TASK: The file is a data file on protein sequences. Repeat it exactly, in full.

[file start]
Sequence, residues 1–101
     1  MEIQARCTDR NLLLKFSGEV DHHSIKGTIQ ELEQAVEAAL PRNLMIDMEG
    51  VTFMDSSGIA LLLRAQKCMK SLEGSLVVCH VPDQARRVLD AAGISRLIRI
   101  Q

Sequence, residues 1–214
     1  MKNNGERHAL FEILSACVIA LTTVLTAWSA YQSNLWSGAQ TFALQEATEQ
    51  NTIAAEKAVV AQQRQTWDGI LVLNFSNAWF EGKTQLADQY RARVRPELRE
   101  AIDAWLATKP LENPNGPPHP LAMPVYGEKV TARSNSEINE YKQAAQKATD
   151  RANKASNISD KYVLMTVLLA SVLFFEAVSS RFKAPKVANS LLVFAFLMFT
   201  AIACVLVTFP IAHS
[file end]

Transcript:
Sequence, residues 1–101
     1  MEIQARCTDR NLLLKFSGEV DHHSIKGTIQ ELEQAVEAAL PRNLMIDMEG
    51  VTFMDSSGIA LLLRAQKCMK SLEGSLVVCH VPDQARRVLD AAGISRLIRI
   101  Q

Sequence, residues 1–214
     1  MKNNGERHAL FEILSACVIA LTTVLTAWSA YQSNLWSGAQ TFALQEATEQ
    51  NTIAAEKAVV AQQRQTWDGI LVLNFSNAWF EGKTQLADQY RARVRPELRE
   101  AIDAWLATKP LENPNGPPHP LAMPVYGEKV TARSNSEINE YKQAAQKATD
   151  RANKASNISD KYVLMTVLLA SVLFFEAVSS RFKAPKVANS LLVFAFLMFT
   201  AIACVLVTFP IAHS